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K. Lloyd Billingsley - Contributor
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K. Lloyd Billingsley is Editorial Director for the Pacific Research Institute and has been widely published on topics including on popular culture, defense policy, education reform, and many other current policy issues. [go to Billingsley index]

Disable Pension Fraud
Enable a Defined-Contribution System...
[K. Lloyd Billingsley] 1/17/05

In his address last week, Governor Arnold Schwarzenegger called for a 401(k) style defined-contribution pension system for state workers. In a January 24 hearing on pension issues, state legislators should consider the evidence for why such a system is necessary. Lucrative disability pensions are becoming the rule rather than the exception in some counties.

A disability pension is 50-percent tax free and provides half the employee's salary for life and up to 100 percent for the employee's spouse if the employee dies. In L.A. County alone, according to a January 3 Los Angeles Daily News report, about 1,200 former county employees draw yearly pensions of $100,000 or more and 10 draw from $210,434 (together more than $2.1 million a year) to $316,047 annually, nearly $1 million in three years for a single person. Such rich benefits set strong incentives and, to judge by the numbers, disability pensions are easy to get.

In 2002, 85 percent of L.A. county's firefighters grabbed disability pensions, according to the Daily News. Over the past decade, an average of 79 percent of L.A. County firefighters were granted disability pensions. A full 56 percent of L.A. County sheriff's employees were also granted such pensions, the high point coming in 1994 at 67 percent, more than two thirds. These numbers vie with the California Highway Patrol.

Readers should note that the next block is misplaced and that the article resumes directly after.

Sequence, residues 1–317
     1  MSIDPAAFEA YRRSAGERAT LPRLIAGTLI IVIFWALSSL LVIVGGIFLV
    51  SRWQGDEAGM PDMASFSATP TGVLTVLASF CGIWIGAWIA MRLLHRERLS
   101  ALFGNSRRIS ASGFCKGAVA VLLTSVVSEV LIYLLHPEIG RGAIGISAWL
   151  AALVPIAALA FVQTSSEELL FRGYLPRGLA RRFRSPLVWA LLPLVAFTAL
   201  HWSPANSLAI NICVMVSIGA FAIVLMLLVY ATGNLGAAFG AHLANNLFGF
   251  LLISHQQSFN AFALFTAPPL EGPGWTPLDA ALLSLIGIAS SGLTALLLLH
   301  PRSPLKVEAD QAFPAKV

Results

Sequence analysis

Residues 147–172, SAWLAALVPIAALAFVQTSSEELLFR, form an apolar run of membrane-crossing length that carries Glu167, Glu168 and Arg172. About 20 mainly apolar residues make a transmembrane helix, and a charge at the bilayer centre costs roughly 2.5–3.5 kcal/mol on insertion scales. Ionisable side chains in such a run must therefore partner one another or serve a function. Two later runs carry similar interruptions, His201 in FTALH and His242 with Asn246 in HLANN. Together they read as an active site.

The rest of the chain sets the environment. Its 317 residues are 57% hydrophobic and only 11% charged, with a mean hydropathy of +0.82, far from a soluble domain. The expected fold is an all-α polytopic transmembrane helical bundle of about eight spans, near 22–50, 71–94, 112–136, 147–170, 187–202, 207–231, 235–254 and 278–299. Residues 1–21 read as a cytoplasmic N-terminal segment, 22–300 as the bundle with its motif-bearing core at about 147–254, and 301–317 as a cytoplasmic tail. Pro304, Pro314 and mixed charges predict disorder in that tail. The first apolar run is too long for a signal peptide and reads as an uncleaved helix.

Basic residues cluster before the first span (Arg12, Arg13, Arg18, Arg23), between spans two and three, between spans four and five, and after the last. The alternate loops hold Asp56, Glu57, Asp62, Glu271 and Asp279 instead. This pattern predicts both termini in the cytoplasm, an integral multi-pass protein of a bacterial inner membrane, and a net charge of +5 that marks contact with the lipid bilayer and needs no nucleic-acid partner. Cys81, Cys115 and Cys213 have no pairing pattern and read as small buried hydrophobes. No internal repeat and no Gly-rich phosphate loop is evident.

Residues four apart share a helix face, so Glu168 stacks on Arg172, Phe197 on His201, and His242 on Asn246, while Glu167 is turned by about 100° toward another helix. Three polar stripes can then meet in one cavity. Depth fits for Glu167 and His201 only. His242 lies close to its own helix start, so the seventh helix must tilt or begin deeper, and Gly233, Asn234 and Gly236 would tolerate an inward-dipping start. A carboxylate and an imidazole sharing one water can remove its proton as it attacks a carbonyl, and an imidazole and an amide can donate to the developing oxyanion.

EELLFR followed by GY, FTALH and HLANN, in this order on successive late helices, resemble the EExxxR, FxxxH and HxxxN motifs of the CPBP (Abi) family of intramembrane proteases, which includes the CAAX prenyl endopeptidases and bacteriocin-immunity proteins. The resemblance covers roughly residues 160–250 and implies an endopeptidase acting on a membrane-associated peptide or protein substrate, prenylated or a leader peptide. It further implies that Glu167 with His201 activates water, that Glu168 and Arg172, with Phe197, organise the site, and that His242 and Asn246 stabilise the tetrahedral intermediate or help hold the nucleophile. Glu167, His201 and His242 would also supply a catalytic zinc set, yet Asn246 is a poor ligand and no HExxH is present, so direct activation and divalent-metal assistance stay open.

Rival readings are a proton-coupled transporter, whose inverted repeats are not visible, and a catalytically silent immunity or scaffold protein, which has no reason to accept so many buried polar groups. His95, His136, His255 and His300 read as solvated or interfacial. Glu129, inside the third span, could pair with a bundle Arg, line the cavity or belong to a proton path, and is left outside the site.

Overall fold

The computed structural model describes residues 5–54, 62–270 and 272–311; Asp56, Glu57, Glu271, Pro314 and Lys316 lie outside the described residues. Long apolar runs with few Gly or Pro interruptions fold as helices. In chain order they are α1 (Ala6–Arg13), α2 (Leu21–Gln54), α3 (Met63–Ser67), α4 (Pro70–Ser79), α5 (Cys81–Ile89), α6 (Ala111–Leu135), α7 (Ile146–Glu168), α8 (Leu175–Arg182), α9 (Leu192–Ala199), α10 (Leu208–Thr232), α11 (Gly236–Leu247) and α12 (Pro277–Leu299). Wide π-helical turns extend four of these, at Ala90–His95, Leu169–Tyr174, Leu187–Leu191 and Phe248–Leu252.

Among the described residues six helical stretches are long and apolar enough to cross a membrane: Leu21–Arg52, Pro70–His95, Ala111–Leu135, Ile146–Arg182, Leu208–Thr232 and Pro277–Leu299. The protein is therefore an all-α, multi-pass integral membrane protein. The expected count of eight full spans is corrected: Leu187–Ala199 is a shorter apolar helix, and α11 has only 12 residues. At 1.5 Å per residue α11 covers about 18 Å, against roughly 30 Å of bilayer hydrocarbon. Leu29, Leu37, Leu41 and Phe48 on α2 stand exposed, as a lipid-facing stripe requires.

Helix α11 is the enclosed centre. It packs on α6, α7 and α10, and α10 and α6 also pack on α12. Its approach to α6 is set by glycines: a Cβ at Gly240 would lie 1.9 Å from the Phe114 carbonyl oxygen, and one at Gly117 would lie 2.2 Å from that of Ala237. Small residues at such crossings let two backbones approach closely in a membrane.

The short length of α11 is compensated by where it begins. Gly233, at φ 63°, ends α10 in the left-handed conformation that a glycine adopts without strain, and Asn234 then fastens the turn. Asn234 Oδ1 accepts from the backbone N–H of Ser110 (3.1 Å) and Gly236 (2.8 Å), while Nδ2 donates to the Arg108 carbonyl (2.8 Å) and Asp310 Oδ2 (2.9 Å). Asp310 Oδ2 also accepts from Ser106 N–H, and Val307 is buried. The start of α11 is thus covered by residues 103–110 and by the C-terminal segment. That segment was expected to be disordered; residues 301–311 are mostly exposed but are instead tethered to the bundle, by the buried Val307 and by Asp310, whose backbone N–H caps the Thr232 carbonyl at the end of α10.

In 2002, according to the Daily News report, 82 percent of CHP officers took disability pensions and, historically, 67 percent of the force retires in that way. But some disabled retirees show an astonishing ability to perform such strenuous and stressful jobs as scuba instructor, deputy sheriff of Yolo county, and director of security at San Francisco airport.

Only a statewide case-by-case review will tell how many disability retirements are bogus but certainly a great many are, perhaps the majority. Legislators must ignore protests from apologists of the system and address this problem. They should bear in mind that salaries and pensions for government employees in California are already generous. CHP employees, for example, may retire at 50 with 90 percent of their salary for life.

If any disability claim turns out to be false, that should be fraud under the law. The pension should be revoked and charges filed. Legislators should also take a hard look at the doctors who approve disabilities claims that turn out to be bogus. Such approval is malpractice and should be grounds for revocation of a medical license.

All disabilities should be completely work related and legitimate. Medical science, not psycho-babble, should be the rule. An L.A. county firefighter, for example, sought a disability for his "phobia" about entering burning buildings. What this person needs is not a disability pension but a different job. The role of attorneys is also worthy of review and the secrecy surrounding the system needs to be dispelled.

These are not "personnel" matters, as stonewalling bureaucrats and strident union bosses claim, to be shielded from taxpayers, the press, and policymakers. They are issues of compelling public and law enforcement interest. Legislators must let the sun shine in.

They also need to disable a ludicrously lenient system that rewards fraud and insults both taxpayers and the genuinely disabled. To solve California's long-term pension problem, legislators should aim for a defined-contribution 401(k) style system for state workers. CRO

copyright 2005 Pacific Research Institute




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